“Cell death is valuable for the organism because it removes terminally injured or unwanted cells that utilise valuable substrates and nutrients.” (Cobb, et al., 1996: 3) Necrosis is the morphological changes – such as cytoplasmic swelling, swelling of the endoplasmic reticulum and mitochondria, blebbing of the plasma membrane, dissolution of chromatin, and loss of membrane integrity (Cobb, et al., 1996) – which occur after cell death in a living body. (Rippey, 1994) Apoptosis is programmed cell death and is manifested by cytoplasmic shrinkage, nuclear chromatin shrinkage and eventually larger plasma membrane buds. (Cobb, et al., 1996) The debris resulting from both types of cell death are engulfed by phagocytic cells. Necrotic debris acts as an irritant to the adjacent living tissue which triggers inflammation, this is called the vital response. Apoptosis does not trigger inflammation. (Rippey, 1994)

There are different types of necrosis. Coagulative necrosis is when the cell becomes an eosinophilic opaque mass with loss of the nucleus, this usually occurs in an infarct of the kidney, prostate, heart, spleen and lung. (Rippey, 1994) Colliquative necrosis is complete destruction of a cell due to total enzymatic dissolution, this usually occurs in a brain infarct. (Rippey, 1994) Suppurative necrosis is a form of colliquative necrosis due to bacterial infection, causing pus formation. Casseous necrosis is associated with tuberculosis, it is when there is a total loss of cell detail due to the cell becoming a mass of amorphous fat and protein. Gummatous necrosis is similar to casseous necrosis but is associated with syphilis. (Rippey, 1994) Fat necrosis is either the enzymatic breakdown of true fat in tissues surrounding the pancreas (enzymatic fat necrosis) or the release of neutral fat from a cell causing inflammation and eventually scarring (traumatic fat necrosis). (Rippey, 1994) Gangrenous necrosis is necrotic tissue that has been invaded by saprophytic putrefactive organisms from the gut or soil, it can only occur in living tissue and, due the presence of oedema in gangrenous tissue, is called moist gangrene. (Rippey, 1994)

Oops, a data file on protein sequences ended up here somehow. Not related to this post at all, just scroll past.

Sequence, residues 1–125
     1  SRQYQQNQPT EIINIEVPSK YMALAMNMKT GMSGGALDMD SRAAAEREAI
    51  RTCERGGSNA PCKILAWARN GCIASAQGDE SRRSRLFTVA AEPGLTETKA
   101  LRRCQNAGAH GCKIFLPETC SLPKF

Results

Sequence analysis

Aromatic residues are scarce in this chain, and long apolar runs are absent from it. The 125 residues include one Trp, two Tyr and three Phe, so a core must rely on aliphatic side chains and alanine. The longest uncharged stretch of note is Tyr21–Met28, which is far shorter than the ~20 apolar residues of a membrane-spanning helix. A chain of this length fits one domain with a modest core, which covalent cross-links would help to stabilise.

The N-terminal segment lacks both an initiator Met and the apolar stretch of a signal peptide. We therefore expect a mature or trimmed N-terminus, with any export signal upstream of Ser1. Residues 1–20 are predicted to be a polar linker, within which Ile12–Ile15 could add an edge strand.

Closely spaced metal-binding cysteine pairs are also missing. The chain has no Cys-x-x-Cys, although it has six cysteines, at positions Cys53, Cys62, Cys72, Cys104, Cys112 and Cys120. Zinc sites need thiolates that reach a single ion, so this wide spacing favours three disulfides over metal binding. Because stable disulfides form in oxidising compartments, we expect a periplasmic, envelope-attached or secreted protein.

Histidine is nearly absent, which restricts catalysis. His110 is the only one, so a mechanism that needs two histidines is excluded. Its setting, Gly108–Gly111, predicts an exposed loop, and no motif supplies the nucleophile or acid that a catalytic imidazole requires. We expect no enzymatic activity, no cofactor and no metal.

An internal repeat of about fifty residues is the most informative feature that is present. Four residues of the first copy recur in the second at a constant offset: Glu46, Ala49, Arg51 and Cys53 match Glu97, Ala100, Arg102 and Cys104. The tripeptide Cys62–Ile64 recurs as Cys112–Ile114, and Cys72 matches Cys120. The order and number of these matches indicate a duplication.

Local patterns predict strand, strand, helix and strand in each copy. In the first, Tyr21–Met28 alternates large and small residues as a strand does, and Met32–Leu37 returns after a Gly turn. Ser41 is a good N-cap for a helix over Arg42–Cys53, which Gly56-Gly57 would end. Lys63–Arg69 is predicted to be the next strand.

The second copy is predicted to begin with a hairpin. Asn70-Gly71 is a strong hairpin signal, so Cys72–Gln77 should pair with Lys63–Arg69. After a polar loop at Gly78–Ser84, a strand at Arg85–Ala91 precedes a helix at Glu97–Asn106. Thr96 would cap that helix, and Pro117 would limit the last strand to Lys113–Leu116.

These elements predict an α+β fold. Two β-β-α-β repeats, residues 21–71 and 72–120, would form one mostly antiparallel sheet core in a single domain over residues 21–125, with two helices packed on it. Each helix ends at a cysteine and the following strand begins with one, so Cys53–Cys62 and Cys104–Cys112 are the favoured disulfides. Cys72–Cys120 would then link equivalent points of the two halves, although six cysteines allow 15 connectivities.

CellsMy concept of disease changed after studying the modules above in that I didn’t realise how much our bodies are able to withstand before consciously experiencing disease, how much injury a cell can withstand before it becomes irreversible and leads to cell death. The adaptation that occurs at the deepest levels of the body is astounding, the continual striving for homeostasis by each cell despite damage, resulting in either recovery or cell death and the vital reaction.  Also, that the cell’s reaction to injury may contribute to the disease process itself, it seems paradoxical yet by understanding the mechanisms of cellular response to injury it makes sense too.


Badizadegan, K., 2003. Cell injury, adaptation and death, HST.035 Principle and Practice of Human Pathology. Harvard-MIT Division of Health Sciences and Technology, unpublished.

Cobb, J.P., Hotchkiss, R.F., Karl, I.E. and Buchman, T.G., 1996. Mechanisms of cell injury and death. British Journal of Anaesthesia, 77: 3-10.

Martini, F.H. and Nath, J.L., 2009. Fundamentals of Anatomy and Physiology. 8th ed. San Francisco: Pearson Benjamin Cummings.

Rippey, J.J., 1994. General Pathology. Johannesburg: Witwatersrand University Press.

Coming soon…

biography photo 2Upcoming blog posts:

Cell physiology, pathophysiology and the relationship to all human disease – 18th February 2013

The abnormal deposition of material in tissues – 4 March 2013

Normal and abnormal fluid distribution and function – 25 March 2013

Inflammation, infection and repair – 8 April 2013

Cancer – 22 April 2013